Tuesday, July 1, 2014

Big Business to the Rescue: They will decide a Citizens First Amendment rights. Our new “Leaders?”

My born again conservative friend in Milwaukee called and said the Hobby Lobby decision confirmed for him that we are a Christian nation, and that businesses do have constitutional rights...that they were people.

That was the message he got from our very activist conservative Supreme Court yesterday. My

Conservatives love their “leaders,” and with yesterdays decision on Hobby Lobby, they have given everyone a look at who they think should be in charge.

"Bossy bureaucrats;" what was thought to be a pro-choice term is a deceptive anti-choice reference that defined "boss" (the CEO of a company) to mean a meddling politician. In reality, business bossy bureaucrats are now in charge, and will see part of your private medical records. Here's a down-the-rabbit-hole example, Duluth News Tribune:
Kristan Hawkins, president of Students for Life America, a youth organization that opposes abortion, said in a statement that birth control should be a personal choice.
“As a woman, wife, mother and business owner,” she said, “I am perfectly capable of making my own decisions about birth control without having an employer buy it for me or being forced to provide it against my will to my employees. I control my life, not bossy bureaucrats.”
Employers aren't buying contraceptives for women because contraception is a medical treatment, part of our health care system, administered by doctors.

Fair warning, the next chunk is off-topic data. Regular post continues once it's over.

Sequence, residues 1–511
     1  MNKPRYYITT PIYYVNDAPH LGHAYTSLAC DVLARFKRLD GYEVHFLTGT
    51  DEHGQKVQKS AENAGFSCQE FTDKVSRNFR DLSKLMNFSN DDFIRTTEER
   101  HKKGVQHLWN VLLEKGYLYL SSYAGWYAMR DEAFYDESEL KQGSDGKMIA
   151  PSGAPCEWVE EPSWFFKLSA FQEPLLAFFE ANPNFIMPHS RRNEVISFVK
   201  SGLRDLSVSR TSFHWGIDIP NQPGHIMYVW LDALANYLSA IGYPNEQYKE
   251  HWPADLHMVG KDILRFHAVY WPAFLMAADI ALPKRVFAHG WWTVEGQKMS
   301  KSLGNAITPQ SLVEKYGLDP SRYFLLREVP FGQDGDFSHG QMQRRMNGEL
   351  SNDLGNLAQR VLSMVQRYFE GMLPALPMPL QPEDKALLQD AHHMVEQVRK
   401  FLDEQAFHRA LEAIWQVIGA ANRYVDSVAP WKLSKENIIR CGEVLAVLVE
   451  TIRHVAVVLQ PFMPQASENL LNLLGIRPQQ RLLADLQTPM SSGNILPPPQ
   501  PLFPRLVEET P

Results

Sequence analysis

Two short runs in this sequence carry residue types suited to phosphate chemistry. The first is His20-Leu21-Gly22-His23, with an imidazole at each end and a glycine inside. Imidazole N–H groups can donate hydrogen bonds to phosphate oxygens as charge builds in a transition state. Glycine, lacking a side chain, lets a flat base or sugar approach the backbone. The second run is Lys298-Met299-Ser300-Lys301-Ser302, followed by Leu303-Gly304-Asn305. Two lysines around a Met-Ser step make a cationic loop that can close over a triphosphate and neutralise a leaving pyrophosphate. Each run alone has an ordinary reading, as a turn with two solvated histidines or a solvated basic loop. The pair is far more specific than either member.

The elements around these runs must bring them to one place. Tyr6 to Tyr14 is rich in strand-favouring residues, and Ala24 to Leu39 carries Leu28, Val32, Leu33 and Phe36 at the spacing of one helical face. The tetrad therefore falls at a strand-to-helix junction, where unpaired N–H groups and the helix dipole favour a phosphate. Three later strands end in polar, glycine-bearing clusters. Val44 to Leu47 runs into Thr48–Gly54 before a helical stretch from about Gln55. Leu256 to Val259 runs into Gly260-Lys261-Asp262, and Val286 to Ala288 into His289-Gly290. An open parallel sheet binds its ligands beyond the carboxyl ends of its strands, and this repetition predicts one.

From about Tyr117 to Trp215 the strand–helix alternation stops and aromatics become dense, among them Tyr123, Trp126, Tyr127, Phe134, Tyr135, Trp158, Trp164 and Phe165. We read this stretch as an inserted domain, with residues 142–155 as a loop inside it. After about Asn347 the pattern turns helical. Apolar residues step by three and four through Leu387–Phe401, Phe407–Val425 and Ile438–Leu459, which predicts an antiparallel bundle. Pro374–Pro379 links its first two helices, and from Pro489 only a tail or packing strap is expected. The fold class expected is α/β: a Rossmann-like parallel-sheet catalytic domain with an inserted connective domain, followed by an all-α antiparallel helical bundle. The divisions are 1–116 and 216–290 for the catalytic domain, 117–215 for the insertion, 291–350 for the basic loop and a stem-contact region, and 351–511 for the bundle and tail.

The Hobby Lobby decision is a giant but welcome step toward plutocracy, or what right wingers call freedom from government. Who would have imagined Americans celebrating the loss of their individual constitutional rights when they go to work. And yet it's happening.

I thought the following observation in Think Progress about the false premise big government wanted to control women's health, was oddly missing in the media’s coverage:
In order to cast themselves as the tolerant side working to empower women, anti-choice activists had stolen pro-choice messaging to obfuscate their position and spread misinformation.

Hobby Lobby supporters’ claims that they were “empowering” women rang particularly hollow. 

There was a cruel visual irony to seeing a crowd of women chanting “women in control” and cheering as the Supreme Court ruled that corporations could control what birth control options are available to their employees. They imagined a false scenario in which government bureaucrats might control women’s health care, and created a future in which corporate bureaucrats will actually control women’s health care. Ban bossy bureaucrats, indeed.
BIG ISSUE: The real problem with the conservative activist Supreme Court decision is the abandonment of the idea that company policies cannot infringe on the individual rights of Americans working for them. That's gone now:
The anti-choice rally also attempted to frame a win for Hobby Lobby as a win for religious freedom, but it’s unclear how that’s the case. A small minority now have the ability to exercise their religious beliefs through corporate practices, but millions of Americans will now have their religious rights unjustly limited.
NEXT UP: Bossy Bureaucrats treatment of pregnant women, if you can believe this one or not:
NBC: The U.S. Supreme Court agreed Tuesday to consider how much protection a federal law gives to pregnant women in the workplace. The case centers around Peggy Young, a UPS driver in Landover, Maryland, who became pregnant in October 2006 and gave her supervisors a note from her midwife recommending that she not lift packages weighing more than 20 pounds during her pregnancy. UPS said it could not make such an accommodation, and she was required to take an unpaid leave of absence, during which she had no health insurance.

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